Contralateral sensorimotor cortex inhibition (2 s of light delivery) in Slc32a1-COP4*H134R/EYFP mice occurred during Lift. Progression to the pellet was blocked. Prehension was initiated at the termination of cortical inhibition. Side and front views of head-fixed mouse. Playback at 100 ms/s.

https://doi.org/10.7554/eLife.10774.014
Video 9
Prehension progression is blocked by optogenetic inhibition of contralateral sensorimotor cortex during Hand open.

Contralateral sensorimotor cortex inhibition (2 s of light delivery) in Slc32a1-COP4*H134R/EYFP mice occurred during Hand open. Animal progressed to Grab and then froze. Prehension was initiated at the termination of cortical inhibition. Side and front views of head-fixed mouse. Playback at 100 ms/s.

https://doi.org/10.7554/eLife.10774.015
Video 10
Prehension progression blocked by optogenetic inhibition of contralateral sensorimotor cortex during Grab.

Contralateral sensorimotor cortex inhibition (2 s of light delivery) in Slc32a1-COP4*H134R/EYFP mice occurred during Grab. The animal was not able to get the food into the mouth.

Prehension was initiated at the termination of cortical inhibition. Side and front views of head-fixed mouse. Playback at 100 ms/s.

https://doi.org/10.7554/eLife.10774.016
Video 11
Prehension progression impeded but not prevented by optogenetic inhibition of contralateral sensorimotor cortex during Grab.

Contralateral sensorimotor cortex inhibition (2 s of light delivery) in Slc32a1-COP4*H134R/EYFP mice occurred during Grab. Trajectory to the mouth was impeded, but interestingly the unaffected arm was able to facilitate task completion. Prehension was not initiated at the termination of cortical inhibition. Side and front views of head-fixed mouse. Playback at 100 ms/s.

https://doi.org/10.7554/eLife.10774.017
Video 12
Optogenetic inhibition of contralateral sensorimotor cortex during Supinate can stop progression to At mouth.

Contralateral sensorimotor cortex suppression (2 s of light delivery) in Slc32a1-COP4*H134R/EYFP mice occurred during Supinate. The mouse was unable to deliver the pellet into the mouth. Prehension was initiated at the termination of cortical inhibition. Side and front views of head-fixed mouse. Playback at 100 ms/s.

https://doi.org/10.7554/eLife.10774.018
Video 13
Optogenetic inhibition of contralateral sensorimotor cortex during Supinate can fail to stop progression to At mouth.

Contralateral sensorimotor cortex inhibition (2 s of light delivery) in Slc32a1-COP4*H134R/EYFP mice occurred during Supinate. Mouse was able to deliver pellet to mouth. Prehension was not initiated at the termination of cortical inhibition. Side and front views of head-fixed mouse. Playback at 100 ms/s.

https://doi.org/10.7554/eLife.10774.019
Video 14
Prehension is not impeded by optogenetic inhibition of contralateral sensorimotor cortex during At mouth epoch.

Contralateral sensorimotor cortex inhibition (2 s of light delivery) in Slc32a1-COP4*H134R/EYFP mice occurred during At mouth. Animal was able to deliver pellet into mouth. Prehension was not initiated at the termination of cortical inhibition. Side and front views of head-fixed mouse. Playback at 100 ms/s.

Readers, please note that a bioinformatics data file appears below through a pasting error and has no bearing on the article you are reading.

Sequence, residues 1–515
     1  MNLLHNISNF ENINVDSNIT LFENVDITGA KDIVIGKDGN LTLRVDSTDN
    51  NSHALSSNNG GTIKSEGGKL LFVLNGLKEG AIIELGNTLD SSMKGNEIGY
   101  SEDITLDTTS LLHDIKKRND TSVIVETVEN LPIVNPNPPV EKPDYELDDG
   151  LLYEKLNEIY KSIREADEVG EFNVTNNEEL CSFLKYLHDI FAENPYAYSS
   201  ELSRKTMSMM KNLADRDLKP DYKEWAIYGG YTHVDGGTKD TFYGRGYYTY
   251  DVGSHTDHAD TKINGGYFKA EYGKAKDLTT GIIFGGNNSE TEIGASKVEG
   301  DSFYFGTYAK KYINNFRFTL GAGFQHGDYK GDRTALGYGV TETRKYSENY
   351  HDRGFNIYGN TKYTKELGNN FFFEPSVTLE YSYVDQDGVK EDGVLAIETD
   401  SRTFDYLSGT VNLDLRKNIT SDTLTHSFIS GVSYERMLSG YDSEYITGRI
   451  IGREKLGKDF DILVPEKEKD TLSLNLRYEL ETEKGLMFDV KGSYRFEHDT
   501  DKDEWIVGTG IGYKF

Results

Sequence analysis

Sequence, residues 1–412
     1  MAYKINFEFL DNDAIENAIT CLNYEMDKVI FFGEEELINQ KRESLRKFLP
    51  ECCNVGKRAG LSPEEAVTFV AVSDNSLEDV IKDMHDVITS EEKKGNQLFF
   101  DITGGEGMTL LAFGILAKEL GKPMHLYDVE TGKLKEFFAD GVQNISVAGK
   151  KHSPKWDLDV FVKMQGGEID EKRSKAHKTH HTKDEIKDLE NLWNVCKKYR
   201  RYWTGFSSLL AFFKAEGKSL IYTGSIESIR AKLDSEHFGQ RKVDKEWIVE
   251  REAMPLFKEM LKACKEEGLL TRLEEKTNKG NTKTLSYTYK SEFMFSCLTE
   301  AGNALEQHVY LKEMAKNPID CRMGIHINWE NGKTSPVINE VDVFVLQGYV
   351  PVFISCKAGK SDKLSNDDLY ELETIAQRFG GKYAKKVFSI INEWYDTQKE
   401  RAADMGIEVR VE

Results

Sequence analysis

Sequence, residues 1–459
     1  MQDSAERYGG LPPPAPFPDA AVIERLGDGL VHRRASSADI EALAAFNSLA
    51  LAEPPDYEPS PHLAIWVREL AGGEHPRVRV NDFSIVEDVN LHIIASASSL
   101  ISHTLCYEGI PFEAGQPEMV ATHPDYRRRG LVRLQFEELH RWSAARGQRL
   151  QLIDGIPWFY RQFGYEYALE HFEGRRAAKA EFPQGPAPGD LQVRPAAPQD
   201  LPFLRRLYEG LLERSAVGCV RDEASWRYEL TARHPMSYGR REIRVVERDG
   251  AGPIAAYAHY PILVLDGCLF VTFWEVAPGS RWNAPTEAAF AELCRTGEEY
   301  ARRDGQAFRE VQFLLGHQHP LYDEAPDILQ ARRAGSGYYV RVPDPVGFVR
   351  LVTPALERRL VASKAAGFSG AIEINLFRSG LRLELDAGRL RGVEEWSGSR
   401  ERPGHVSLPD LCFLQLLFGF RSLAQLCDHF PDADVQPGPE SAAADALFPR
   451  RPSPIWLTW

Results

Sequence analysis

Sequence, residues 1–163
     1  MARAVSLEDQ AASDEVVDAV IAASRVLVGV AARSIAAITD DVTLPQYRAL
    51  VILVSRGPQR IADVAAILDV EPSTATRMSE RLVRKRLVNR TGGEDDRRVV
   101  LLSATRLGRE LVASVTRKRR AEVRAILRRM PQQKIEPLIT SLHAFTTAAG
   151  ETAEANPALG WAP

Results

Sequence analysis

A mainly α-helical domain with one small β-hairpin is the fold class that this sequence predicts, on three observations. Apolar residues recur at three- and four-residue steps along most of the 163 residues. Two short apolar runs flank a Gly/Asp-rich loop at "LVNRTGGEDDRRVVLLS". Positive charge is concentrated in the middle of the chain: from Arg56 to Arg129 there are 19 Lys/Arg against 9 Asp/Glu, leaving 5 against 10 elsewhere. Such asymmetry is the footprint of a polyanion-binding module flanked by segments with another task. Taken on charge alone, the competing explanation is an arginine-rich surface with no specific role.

https://doi.org/10.7554/eLife.10774.020
Video 15
Chewing is not impeded by optogenetic inhibition of contralateral sensorimotor cortex.

Contralateral sensorimotor cortex inhibition (2 s of light delivery) in Slc32a1-COP4*H134R/EYFP mice occurred during chewing. Animal continued chewing. Prehension was not initiated at the termination of cortical inhibition. Side and front views of head-fixed mouse. Playback at 100 ms/s.

https://doi.org/10.7554/eLife.10774.021
Video 16
Relief of brief inhibition of contralateral sensorimotor cortex while animal holding pellet initiates a new prehension attempt.

Contralateral sensorimotor cortex inhibition (0.2 s of light delivery) in Slc32a1-COP4*H134R/EYFP mice occurred while animal was holding the pellet. Despite this sensory information, the termination of the brief cortical inhibition caused the animal to drop the pellet and initiate a regrabbing at the target position. Side and front views of head-fixed mouse. Playback at 100 ms/s.

https://doi.org/10.7554/eLife.10774.022
Video 17
Even in the absence of a cue or a pellet, cessation of optogenetic inhibition of contralateral sensorimotor cortex evokes prehension.

Contralateral sensorimotor cortex inhibition (2 s of light delivery) in Slc32a1-COP4*H134R/EYFP mice was not paired with a cue or a pellet. During the laser, the animal remained motionless. Prehension to the remembered target was reliably initiated at the termination of inhibition. Side and front views of head-fixed mouse. Playback at 100 ms/s.

https://doi.org/10.7554/eLife.10774.028
Video 18
In the absence of a cue but the presence of a pellet, cessation of optogenetic inhibition of contralateral sensorimotor cortex evokes the full prehension behavior.

Contralateral sensorimotor cortex inhibition (1 s of light delivery) in Slc32a1-COP4*H134R/EYFP mice was not paired with a cue but a pellet was unexpectedly available.

During cortical suppression, the animal remained motionless. Prehension to the remembered target was reliably initiated at the termination of inhibition; the pellet was grabbed, delivered to the mouth and chewed. Side and front views of head-fixed mouse. Playback at 100 ms/s.

https://doi.org/10.7554/eLife.10774.029
Video 19
Optogenetic inhibition of contralateral sensorimotor cortex (3 s of light delivery twice, separated by 320 ms) during Supinate of a post-inhibitory prehension attempt can stop progression to the mouth.

Contralateral sensorimotor cortex inhibition in Slc32a1-COP4*H134R/EYFP mice occurred during Supinate of a post-inhibitory prehension attempt. Mouse unable to deliver the pellet into the mouth. Prehension was initiated again at the termination of the second cortical inhibition. Side and front views of head-fixed mouse. Playback at 100 ms/s.

https://doi.org/10.7554/eLife.10774.030

Additional files

Source code 1

Code for the analysis described in the article.

https://doi.org/10.7554/eLife.10774.031